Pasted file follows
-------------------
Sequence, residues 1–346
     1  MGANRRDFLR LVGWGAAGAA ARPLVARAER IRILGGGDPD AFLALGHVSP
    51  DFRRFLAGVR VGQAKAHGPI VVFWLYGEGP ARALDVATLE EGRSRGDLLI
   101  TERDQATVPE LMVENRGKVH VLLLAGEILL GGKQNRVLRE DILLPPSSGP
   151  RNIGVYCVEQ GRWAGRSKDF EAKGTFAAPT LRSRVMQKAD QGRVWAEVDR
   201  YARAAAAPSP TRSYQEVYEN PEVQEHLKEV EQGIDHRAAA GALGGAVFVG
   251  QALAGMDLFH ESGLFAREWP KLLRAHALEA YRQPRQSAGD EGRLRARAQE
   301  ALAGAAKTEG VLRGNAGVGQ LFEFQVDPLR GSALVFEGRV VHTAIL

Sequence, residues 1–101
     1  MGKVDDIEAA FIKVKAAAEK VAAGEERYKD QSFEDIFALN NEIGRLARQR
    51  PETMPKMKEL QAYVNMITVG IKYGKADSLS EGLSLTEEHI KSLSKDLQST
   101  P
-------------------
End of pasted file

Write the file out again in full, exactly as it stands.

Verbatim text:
Sequence, residues 1–346
     1  MGANRRDFLR LVGWGAAGAA ARPLVARAER IRILGGGDPD AFLALGHVSP
    51  DFRRFLAGVR VGQAKAHGPI VVFWLYGEGP ARALDVATLE EGRSRGDLLI
   101  TERDQATVPE LMVENRGKVH VLLLAGEILL GGKQNRVLRE DILLPPSSGP
   151  RNIGVYCVEQ GRWAGRSKDF EAKGTFAAPT LRSRVMQKAD QGRVWAEVDR
   201  YARAAAAPSP TRSYQEVYEN PEVQEHLKEV EQGIDHRAAA GALGGAVFVG
   251  QALAGMDLFH ESGLFAREWP KLLRAHALEA YRQPRQSAGD EGRLRARAQE
   301  ALAGAAKTEG VLRGNAGVGQ LFEFQVDPLR GSALVFEGRV VHTAIL

Sequence, residues 1–101
     1  MGKVDDIEAA FIKVKAAAEK VAAGEERYKD QSFEDIFALN NEIGRLARQR
    51  PETMPKMKEL QAYVNMITVG IKYGKADSLS EGLSLTEEHI KSLSKDLQST
   101  P